Mt. Kinabalu is one of the tallest peaks in Asia at 4,095 meters above sea level. It’s a two day climb that’s gonna test your limits, fears, inhibitions and even sanity. It’s a beautiful trail with each step leading you to Mt. Kinabalu’s out of this world view at the summit.
Mount Kinabalu is definitely a bucket list adventure especially for mountaineers. I got a chance to join Trail Adventours on their trek to Mount Kinabalu last May 2015. It’s a 4-day adventure with two of those day spent climbing 4,095 meters above sea level of Mount Kinabalu.
Trek Route and Elevation
Hike #1: Mesilau Trail to Laban Rata, 8.5 kilometers., Day 1
The total ascent of this trek is about 1300 meters of elevation and it’s mostly uphill except for a two kilometer descent to the waterfall on the 2nd kilometers. The lost two kilometers after the intersection at the Timpohan Trail. Last to kilometers to Laban Rata is pure uphill on technical routes.
Trek # 2, Laban Rata to Lows Peak, 2.5 kilometers, Day 2
The trek to Low’s Peak Summit which is mostly climbs with a total ascent of about 825 meters heading to the Summit, which is 4095.2 MASL (Meters Above Sea Level). The first 700 meters was on tough trail surfaces and shifts to the large granite formation of Mount Kinabalu which required some ropes to ascent. The trail goes on a hilly granite trail path going to the summit. The last 100 meters to the summit was a steep incline that required ropes to traverse.
Trek # 3 Laban Rata to Timpohan Gate, 8.5 kilometers
The last route is from Lows Peak Summit to Timpohan Gate covering about 2200 meters of elevation. It starts with a 2.5 kilometers descent from Lows Peak to Laban Rata and another 6 kilometers descent from Laban Rata to Timpohan Gate with the last 200 meters being a climb to the Gate.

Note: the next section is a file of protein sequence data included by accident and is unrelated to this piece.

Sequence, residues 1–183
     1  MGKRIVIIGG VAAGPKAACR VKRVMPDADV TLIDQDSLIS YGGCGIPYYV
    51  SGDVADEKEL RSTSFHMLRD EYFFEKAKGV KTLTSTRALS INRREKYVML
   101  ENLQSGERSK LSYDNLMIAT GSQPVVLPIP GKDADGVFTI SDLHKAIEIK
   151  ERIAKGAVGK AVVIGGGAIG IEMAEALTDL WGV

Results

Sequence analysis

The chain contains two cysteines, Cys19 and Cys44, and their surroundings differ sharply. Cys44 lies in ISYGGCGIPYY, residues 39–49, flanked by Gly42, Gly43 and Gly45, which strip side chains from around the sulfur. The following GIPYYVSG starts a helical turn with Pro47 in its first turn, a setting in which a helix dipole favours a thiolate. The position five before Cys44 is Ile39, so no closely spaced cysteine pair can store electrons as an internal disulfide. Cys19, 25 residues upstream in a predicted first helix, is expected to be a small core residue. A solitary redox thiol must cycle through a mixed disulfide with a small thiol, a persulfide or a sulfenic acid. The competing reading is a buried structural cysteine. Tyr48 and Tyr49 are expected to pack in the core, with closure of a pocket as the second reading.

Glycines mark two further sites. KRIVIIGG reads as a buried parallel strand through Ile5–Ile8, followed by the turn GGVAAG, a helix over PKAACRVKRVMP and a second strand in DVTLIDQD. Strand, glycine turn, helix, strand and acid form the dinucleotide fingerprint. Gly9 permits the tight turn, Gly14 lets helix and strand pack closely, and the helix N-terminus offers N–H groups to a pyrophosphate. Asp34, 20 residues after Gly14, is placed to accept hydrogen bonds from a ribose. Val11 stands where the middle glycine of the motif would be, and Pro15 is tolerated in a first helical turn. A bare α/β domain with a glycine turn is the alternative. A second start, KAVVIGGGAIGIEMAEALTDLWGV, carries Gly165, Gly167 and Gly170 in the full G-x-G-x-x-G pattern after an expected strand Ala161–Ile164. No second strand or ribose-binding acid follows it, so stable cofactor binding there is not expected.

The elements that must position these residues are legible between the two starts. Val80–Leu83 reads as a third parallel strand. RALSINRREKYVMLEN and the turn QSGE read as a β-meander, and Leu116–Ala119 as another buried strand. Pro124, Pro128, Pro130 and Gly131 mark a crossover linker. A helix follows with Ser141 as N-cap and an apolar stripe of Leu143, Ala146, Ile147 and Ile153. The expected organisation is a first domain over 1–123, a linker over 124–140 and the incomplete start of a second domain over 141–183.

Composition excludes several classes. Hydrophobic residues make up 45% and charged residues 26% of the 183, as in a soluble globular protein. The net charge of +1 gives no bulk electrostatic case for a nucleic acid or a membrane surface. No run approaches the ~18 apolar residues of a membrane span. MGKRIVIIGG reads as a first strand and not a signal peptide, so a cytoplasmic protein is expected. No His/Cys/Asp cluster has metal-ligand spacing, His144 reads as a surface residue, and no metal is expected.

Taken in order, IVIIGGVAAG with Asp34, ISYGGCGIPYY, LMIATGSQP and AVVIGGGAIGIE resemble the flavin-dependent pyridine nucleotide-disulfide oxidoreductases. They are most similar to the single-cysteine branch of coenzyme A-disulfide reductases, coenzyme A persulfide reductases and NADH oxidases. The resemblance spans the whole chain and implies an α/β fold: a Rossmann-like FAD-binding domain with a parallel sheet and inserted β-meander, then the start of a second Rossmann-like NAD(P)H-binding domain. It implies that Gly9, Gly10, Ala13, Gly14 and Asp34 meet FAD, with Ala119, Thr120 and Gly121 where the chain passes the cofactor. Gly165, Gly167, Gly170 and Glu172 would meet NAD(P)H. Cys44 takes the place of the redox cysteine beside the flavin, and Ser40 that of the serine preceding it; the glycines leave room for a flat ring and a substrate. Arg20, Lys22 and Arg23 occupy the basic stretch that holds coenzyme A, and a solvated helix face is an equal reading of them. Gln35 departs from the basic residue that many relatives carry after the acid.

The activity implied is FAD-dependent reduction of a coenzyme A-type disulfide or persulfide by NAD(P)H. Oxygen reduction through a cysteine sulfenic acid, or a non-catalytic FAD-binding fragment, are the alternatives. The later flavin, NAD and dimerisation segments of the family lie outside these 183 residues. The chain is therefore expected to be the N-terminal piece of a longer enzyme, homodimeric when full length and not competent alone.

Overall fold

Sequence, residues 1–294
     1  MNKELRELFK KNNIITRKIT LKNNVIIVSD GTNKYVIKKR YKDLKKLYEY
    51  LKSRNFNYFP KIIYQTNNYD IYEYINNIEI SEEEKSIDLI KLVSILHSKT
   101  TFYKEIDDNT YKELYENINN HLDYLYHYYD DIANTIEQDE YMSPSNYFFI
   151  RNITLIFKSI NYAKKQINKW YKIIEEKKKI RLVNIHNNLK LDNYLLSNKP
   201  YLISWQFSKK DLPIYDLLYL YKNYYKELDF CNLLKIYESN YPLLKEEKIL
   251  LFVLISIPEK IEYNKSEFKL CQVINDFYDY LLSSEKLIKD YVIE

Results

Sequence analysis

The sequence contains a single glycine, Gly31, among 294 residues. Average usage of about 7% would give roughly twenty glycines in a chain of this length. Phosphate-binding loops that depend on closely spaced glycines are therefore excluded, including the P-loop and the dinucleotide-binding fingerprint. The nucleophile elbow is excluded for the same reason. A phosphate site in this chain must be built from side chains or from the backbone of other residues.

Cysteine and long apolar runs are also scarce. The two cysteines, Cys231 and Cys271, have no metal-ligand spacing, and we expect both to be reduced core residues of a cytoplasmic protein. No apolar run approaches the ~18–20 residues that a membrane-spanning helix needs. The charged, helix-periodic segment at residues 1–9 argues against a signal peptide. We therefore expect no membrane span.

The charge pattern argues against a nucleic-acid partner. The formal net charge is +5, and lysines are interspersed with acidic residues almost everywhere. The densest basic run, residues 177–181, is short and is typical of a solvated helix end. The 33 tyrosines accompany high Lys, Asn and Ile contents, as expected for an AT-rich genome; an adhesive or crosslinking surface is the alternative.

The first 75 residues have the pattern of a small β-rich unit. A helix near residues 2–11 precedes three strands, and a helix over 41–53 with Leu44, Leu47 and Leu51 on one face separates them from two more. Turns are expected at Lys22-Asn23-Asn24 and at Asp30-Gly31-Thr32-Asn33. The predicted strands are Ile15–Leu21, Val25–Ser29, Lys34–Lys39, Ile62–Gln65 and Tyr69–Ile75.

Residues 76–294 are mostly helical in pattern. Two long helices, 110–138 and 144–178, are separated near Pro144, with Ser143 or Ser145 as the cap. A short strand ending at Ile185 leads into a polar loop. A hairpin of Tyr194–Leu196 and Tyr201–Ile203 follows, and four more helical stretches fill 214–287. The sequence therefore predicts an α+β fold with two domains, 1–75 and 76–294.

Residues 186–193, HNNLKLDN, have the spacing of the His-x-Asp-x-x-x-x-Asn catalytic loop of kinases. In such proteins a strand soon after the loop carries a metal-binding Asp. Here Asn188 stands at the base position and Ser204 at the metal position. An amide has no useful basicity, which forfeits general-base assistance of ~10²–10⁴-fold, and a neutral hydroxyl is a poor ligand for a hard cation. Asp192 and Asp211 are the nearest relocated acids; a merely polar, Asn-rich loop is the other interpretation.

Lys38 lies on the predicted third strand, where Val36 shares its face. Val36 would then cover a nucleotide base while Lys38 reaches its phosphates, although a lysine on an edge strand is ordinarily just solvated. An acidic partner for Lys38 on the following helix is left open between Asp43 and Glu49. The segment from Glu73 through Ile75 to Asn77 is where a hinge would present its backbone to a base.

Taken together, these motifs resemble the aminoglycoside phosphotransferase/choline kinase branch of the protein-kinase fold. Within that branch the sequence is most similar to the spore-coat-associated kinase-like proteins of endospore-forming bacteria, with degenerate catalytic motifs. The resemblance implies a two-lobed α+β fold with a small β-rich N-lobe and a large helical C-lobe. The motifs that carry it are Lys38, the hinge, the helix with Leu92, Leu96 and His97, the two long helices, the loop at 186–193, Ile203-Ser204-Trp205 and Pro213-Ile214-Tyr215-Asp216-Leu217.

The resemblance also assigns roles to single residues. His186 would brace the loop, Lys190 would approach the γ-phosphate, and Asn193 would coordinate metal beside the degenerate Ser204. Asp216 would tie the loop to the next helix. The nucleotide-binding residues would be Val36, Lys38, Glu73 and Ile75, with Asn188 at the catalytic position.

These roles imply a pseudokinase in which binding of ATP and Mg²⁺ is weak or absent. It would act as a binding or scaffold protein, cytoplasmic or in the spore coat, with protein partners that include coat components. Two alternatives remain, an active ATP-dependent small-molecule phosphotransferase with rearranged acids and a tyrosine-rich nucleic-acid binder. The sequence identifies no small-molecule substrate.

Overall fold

The Group met at NAIA Terminal 3 since most would be taking the same Air Asia flight to Kota Kinabalu arriving about lunch time. We had our lunch before we took our 2 hours bus ride going to Mt. Kinabalu Park. Our home stay was at Mesilau Nature Resort. We segregated for the stuff we had to bring on the trek and the stuff we would love in the home stay. I got one set of clothes for day two hike, a poncho and two extra jackets. I cramped them up on my Oakley back pack (Mental note: I need to invest in a trek bag). The extra jackets was for layering as we can just add layers when we feel cold and pack it away when we feel warm.
The next day was for breakfast, briefing and preparing our stuff for the long trail. We were starting to warm up with each as a group. We had a last minute change in itinerary, which was to take the Mesilau Trail, which was longer by 2 kilometers compared to the Timpohan Gate. So we’ll get to experience both, we’ll ascend via the tougher Mesilau Trail and descend on the Timpohan Trail on the way back.
We had briefing at around 9 am before proceeding to the start of the trek. It starts with a climb along a combination of dirt tracks, wooden planks, rocky and stoney paths. It was my first time for me to use a trekking pole and funny how I was using it as a cane. Good thing Lester of Trail Adventours thought me later in the trail that it’s best to have it stretched out for maximum effect. It was a lung-busting start but this is just the start of the trail for all of us. The steps were wide apart so it took more effort for each step.
After the first kilometer of ascent, we met the rest of the group at the first shade. It had a view of the mountain from the bottom. The next two kilometers were descents and had two rest stops. The first stop, we played with squirrels as they were all around the place and the next stop, we had our lunch. The descent took the same time as the ascent but it just required less lung power so you can go longer without huffing and puffing. The steps were technical, uneven and took time to navigate. It was also tough on the knees but good thing the trekking pole was cushioning the landing. After lunch, the trail led to the river at the third kilometer.